Jake Briggs (Bacon) marries his high school sweetheart, Kristi (McGovern), his love at first sight. The movie introduces us to Jake who is preparing himself (and simultaneoulsy doubting himself) to walk down the isle and declare himself a married man. But for Jake, somehow saying I do, was the point of no return, and his relationship to Kristi (and his perception of her) drastically changes once they officially carry on together as a married couple. Jake finds disatisfaction with his work as an advertising agent (aspiring instead to be a writer, but always being told that it just wasn't going to happen), with the drone life in the suburbs (a typical John Hughes theme), and even gets tempted with indescretions as he meets a woman at a bar who tests his faithfulness to Kristi.

For Jake, it seems like the single life had a lot more to offer in both independce as well as his love for Kristi, even to the point that he tries to convince his bachelor friend, Davis (played by that hubba, hubba actor, Alec Baldwin), that he need not be unmarried to enjoy himself. In fact, things start to change for Jake, as he starts to grow accustomed to marriage and finds that the situation isn't as bad as he imagined. When his wife Kristi becomes pregnant and there are complications during the pregnancy, Jake is forced to consider whether he would give it all up. And in that time, he realizes, that he actually doesn't hate it at all. That there are things there that he can adjust (by way of work, we see later that he does take it upon himself to do some writing), and with his relationship to his wife, and hell, even the in-laws. It's hard to say, but folks who are married and who have gone through that 'moment of truth' at some point in their relationship (if at all), must know how that feels. And from the look on Jake's face, it must feel pretty good to realize how lucky a person can be to share that with somebody else.

There are some problems with the characters, such as Kristi always been made out as this bossy, detached spouse of Jake's. One viewer wrote that she was often depicted as selfish, and while I agree that it is an unfair assessment of Kristi (who could not have been this way all the time--you have to watch the movie to see), it was also meant to be portrayed from the husbands point of viewed. Therefore, we get the subjective view of the husband, and not the objective view of what we may consider Kristi to be (because nearly the whole movie is told from Jefferson's viewpoint).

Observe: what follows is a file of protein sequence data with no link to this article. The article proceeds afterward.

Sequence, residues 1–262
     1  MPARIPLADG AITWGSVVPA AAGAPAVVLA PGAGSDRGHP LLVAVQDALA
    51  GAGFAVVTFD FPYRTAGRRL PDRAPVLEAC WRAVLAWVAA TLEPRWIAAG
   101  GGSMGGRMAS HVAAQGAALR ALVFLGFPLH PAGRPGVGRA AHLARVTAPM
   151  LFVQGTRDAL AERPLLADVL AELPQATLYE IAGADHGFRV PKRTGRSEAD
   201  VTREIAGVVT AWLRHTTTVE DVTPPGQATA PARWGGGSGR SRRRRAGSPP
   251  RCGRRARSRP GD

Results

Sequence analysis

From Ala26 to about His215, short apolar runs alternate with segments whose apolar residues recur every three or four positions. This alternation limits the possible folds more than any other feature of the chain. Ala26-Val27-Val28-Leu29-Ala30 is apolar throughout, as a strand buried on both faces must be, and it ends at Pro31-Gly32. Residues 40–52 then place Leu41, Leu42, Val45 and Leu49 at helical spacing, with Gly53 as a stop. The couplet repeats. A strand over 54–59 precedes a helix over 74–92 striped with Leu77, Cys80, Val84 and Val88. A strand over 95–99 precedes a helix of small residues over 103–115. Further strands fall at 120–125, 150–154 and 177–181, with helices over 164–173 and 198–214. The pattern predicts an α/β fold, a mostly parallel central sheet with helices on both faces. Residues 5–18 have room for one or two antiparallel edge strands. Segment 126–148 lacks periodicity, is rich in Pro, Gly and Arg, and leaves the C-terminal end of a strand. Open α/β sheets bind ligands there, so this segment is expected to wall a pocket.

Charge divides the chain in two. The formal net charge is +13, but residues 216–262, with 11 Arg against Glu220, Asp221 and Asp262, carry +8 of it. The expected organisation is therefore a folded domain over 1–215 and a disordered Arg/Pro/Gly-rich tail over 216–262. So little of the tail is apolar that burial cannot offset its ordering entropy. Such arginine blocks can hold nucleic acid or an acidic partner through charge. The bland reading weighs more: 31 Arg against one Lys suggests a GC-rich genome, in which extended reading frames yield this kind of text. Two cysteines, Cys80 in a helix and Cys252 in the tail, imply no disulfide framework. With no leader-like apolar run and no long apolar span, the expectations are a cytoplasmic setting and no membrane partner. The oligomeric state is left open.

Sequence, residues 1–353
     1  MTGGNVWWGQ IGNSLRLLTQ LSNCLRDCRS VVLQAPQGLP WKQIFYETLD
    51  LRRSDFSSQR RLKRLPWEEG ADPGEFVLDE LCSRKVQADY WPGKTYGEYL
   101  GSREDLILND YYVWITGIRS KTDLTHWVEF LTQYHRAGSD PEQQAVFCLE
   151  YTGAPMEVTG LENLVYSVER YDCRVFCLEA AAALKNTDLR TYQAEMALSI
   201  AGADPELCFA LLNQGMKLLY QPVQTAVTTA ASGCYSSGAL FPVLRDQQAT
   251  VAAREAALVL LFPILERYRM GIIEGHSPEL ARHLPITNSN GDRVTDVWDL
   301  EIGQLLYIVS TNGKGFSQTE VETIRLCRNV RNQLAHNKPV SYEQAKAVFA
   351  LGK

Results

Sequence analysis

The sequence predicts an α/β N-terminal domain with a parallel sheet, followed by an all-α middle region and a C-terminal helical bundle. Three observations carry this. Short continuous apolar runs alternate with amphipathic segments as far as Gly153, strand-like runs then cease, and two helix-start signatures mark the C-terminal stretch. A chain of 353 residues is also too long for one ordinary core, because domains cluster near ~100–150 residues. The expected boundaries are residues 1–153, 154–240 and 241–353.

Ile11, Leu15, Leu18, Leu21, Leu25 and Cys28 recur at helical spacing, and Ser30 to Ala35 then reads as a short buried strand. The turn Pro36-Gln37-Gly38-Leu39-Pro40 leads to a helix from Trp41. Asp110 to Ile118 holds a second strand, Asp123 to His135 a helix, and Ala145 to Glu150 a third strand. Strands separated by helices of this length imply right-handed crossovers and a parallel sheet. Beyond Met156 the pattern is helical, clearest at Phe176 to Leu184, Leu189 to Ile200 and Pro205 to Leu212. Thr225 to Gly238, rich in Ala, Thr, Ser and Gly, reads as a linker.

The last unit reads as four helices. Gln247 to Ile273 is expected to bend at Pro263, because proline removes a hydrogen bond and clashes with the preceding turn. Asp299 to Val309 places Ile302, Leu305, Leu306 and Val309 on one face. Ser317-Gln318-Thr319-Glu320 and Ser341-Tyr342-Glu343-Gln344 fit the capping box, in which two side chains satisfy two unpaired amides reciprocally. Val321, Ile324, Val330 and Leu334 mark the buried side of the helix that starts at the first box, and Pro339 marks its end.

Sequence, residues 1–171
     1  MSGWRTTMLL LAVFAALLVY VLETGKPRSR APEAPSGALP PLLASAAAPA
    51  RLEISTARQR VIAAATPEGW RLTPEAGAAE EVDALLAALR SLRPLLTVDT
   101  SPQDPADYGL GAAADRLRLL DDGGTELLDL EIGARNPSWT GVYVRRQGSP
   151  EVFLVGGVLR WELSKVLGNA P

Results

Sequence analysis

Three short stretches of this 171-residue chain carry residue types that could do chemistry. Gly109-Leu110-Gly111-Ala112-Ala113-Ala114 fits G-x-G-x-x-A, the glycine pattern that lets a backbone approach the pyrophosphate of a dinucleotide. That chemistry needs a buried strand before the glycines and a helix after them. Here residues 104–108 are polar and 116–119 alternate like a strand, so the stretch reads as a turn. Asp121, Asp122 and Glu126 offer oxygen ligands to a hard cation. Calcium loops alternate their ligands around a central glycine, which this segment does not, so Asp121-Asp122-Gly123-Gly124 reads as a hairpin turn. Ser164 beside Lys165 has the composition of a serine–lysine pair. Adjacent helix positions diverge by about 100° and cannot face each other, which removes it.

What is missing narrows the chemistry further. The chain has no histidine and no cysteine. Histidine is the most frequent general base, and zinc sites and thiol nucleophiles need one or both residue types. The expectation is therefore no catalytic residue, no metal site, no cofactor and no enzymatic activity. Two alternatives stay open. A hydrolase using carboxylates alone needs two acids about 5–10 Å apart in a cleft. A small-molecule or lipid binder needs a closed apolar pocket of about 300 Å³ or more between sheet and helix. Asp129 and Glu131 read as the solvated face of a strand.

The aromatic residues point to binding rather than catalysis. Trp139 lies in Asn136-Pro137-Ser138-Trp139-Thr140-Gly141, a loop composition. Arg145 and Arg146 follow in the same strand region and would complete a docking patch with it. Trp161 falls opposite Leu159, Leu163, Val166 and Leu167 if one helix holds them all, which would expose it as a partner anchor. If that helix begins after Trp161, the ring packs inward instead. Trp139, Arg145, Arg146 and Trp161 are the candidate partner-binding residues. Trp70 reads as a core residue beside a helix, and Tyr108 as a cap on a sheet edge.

The story is also stereotypical in some of it's assertions about marriage and work and the like. But I think that the movie still offers some good humor, and is certainly one for John Hughe's fans to see, before he gave up writing and directing teen movies--the 80s films prior to She's Having a Baby, and went on to make children and family films--mostly all of his films made after 1989. And fans of Kevin Bacon are sure to enjoy the movie as well. It's not fantastic, and I'll admit, I never got through watching it the first time. But I gave it a few years and tried again, and though it isn't a great movie, it is one that I would recommend trying out.


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Details

Country:

USA

Language:

English

Release Date:

5 February 1988 (USA) See more »

Also Known As:

She's Having a Baby See more »

Filming Locations:

Glencoe, Illinois, USA See more »

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Box Office

Budget:

$20,000,000 (estimated)

Opening Weekend USA:

$3,827,520, 7 February 1988

Gross USA:

$16,031,707

Cumulative Worldwide Gross:

$16,031,707
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Company Credits

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Technical Specs

Runtime:

Sound Mix:

Dolby Stereo

Aspect Ratio:

1.85 : 1